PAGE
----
Toronto school board chair seeks help with ‘concerning decline’ in student mental health

Children wait in a physical distancing circle at Portage Trail Community School which is part of the Toronto District School Board (TDSB) during the COVID-19 pandemic in Toronto, Tuesday, Sept. 15, 2020. THE CANADIAN PRESS/Nathan Denette

The chair of Ontario’s largest school board has written to all three levels of government calling for a plan to tackle students’ mental health.

Alexander Brown, chair of the Toronto District School Board, wrote a letter addressed to Prime Minister Justin Trudeau, Premier Doug Ford and Toronto Mayor John Tory.

Brown said the COVID-19 pandemic had resulted in “serious consequences” for young people’s health, including extended time online, lower youth employment and increased family poverty.

“As leaders in education, and in government, we have the responsibility to do everything in our power to protect and support the well-being of our children and youth,” he wrote.

Last week, the TDSB chair wrote a similar letter to Stephen Lecce, Ontario’s Minister of Education, requesting support for kindergarten students.

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Brown asked for a “partnership table” to be created between all three levels of government, school boards in Toronto and “other key stakeholders” to develop a response.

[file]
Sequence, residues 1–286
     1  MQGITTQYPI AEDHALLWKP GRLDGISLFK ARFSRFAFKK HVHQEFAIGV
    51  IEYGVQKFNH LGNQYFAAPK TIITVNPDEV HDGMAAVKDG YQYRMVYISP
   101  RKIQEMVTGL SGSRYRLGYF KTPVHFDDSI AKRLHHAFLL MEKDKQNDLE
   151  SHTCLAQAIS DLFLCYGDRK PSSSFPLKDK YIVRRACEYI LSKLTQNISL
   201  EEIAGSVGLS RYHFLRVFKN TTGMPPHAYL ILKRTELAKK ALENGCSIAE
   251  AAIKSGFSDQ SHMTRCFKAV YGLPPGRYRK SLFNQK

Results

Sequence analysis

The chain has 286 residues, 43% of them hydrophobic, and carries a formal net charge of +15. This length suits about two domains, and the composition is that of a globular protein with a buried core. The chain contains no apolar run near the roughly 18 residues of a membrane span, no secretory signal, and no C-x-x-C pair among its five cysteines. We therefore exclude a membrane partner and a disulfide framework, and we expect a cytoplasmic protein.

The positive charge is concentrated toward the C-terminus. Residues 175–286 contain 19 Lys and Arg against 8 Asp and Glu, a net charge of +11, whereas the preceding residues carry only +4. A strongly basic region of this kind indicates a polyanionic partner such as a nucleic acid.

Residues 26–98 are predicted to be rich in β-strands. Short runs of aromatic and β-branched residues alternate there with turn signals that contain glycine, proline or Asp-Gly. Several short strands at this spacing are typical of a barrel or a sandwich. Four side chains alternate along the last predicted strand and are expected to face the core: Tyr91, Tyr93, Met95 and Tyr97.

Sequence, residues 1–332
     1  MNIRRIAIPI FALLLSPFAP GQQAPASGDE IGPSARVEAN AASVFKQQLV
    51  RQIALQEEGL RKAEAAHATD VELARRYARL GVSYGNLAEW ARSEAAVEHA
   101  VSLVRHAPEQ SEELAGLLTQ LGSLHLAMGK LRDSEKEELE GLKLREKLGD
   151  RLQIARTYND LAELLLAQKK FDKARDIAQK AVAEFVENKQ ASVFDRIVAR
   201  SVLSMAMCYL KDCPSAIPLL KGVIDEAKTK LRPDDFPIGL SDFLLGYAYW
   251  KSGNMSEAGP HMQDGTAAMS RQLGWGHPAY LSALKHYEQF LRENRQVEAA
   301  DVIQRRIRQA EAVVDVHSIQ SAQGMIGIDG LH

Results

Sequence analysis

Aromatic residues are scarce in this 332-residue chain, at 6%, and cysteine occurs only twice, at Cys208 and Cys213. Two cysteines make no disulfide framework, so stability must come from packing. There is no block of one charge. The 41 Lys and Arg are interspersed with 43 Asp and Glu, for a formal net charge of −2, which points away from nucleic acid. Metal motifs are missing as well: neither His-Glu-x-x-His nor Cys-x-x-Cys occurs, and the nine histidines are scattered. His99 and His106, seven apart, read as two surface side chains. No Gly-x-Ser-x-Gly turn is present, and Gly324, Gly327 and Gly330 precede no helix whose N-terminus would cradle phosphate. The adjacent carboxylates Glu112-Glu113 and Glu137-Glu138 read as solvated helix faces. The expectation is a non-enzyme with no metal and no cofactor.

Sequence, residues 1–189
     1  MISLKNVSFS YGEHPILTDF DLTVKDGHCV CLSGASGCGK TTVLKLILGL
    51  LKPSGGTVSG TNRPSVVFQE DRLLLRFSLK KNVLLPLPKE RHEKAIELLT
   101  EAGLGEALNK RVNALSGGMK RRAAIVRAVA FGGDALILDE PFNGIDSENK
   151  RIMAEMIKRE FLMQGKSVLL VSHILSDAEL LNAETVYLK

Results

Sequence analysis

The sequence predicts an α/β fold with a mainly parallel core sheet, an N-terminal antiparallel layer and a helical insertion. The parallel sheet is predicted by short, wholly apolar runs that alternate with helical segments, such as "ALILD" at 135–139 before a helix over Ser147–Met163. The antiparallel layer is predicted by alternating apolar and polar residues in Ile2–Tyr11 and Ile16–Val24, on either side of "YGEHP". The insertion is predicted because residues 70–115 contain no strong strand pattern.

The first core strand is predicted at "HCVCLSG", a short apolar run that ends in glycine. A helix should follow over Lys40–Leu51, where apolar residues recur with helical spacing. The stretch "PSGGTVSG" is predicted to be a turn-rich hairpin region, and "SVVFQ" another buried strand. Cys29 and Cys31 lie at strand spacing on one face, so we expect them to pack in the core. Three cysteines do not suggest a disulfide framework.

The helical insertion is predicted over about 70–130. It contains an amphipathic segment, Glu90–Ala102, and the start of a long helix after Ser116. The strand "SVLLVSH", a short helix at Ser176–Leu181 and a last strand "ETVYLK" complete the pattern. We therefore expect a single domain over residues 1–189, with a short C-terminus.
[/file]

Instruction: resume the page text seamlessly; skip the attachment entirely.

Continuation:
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The table should work through research on the impacts of COVID-19, poverty and violence on children and youth in Toronto, the chair wrote. It should coordinate access to programs for children in the city and improve data collection to “nimbly target” areas where the need is most critical.

The letter also called for any partnership to increase investment, support and programs for young children.

In November, TDSB resolved to spend $5.9 million from the Ontario government’s COVID-19 education fund on additional staffing.

The board funded positions including 16 social workers and 35 child and youth workers.

According to Brown’s letter, TDSB data shows a “concerning decline” in the metal health of students for 2020, 2021 and 2022. The board has also noted an increase in 20-day suspensions during the pandemic.

The Mental Health Commission of Canada, a non-profit, found isolation and loneliness to be key concerns for young people during the first wave of the COVID-19 pandemic in 2020.

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“We must work together and provide a collaborative and strategic approach that will better serve our youth and address the root of this alarming issue,” Brown wrote.

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